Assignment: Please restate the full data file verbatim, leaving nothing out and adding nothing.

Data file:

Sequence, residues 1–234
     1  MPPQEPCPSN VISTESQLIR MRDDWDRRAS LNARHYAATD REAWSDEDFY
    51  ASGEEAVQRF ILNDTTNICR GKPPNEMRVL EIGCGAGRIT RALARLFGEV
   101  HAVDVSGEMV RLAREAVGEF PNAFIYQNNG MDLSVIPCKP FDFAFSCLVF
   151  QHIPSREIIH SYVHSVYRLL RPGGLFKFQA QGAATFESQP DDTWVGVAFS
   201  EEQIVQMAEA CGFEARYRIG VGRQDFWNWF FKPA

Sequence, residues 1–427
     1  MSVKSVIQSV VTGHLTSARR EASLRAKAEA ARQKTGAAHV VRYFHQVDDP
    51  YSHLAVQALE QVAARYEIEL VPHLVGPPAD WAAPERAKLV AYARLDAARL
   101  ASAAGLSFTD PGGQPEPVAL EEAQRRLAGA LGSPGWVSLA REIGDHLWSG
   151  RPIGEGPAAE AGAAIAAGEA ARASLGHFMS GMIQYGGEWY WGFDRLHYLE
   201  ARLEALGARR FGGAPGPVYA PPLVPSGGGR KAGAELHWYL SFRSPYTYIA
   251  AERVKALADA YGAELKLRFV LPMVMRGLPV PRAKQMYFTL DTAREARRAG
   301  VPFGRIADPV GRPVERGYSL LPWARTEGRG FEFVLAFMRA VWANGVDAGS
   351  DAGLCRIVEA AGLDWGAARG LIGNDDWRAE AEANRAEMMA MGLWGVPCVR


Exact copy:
Sequence, residues 1–234
     1  MPPQEPCPSN VISTESQLIR MRDDWDRRAS LNARHYAATD REAWSDEDFY
    51  ASGEEAVQRF ILNDTTNICR GKPPNEMRVL EIGCGAGRIT RALARLFGEV
   101  HAVDVSGEMV RLAREAVGEF PNAFIYQNNG MDLSVIPCKP FDFAFSCLVF
   151  QHIPSREIIH SYVHSVYRLL RPGGLFKFQA QGAATFESQP DDTWVGVAFS
   201  EEQIVQMAEA CGFEARYRIG VGRQDFWNWF FKPA

Sequence, residues 1–427
     1  MSVKSVIQSV VTGHLTSARR EASLRAKAEA ARQKTGAAHV VRYFHQVDDP
    51  YSHLAVQALE QVAARYEIEL VPHLVGPPAD WAAPERAKLV AYARLDAARL
   101  ASAAGLSFTD PGGQPEPVAL EEAQRRLAGA LGSPGWVSLA REIGDHLWSG
   151  RPIGEGPAAE AGAAIAAGEA ARASLGHFMS GMIQYGGEWY WGFDRLHYLE
   201  ARLEALGARR FGGAPGPVYA PPLVPSGGGR KAGAELHWYL SFRSPYTYIA
   251  AERVKALADA YGAELKLRFV LPMVMRGLPV PRAKQMYFTL DTAREARRAG
   301  VPFGRIADPV GRPVERGYSL LPWARTEGRG FEFVLAFMRA VWANGVDAGS
   351  DAGLCRIVEA AGLDWGAARG LIGNDDWRAE AEANRAEMMA MGLWGVPCVR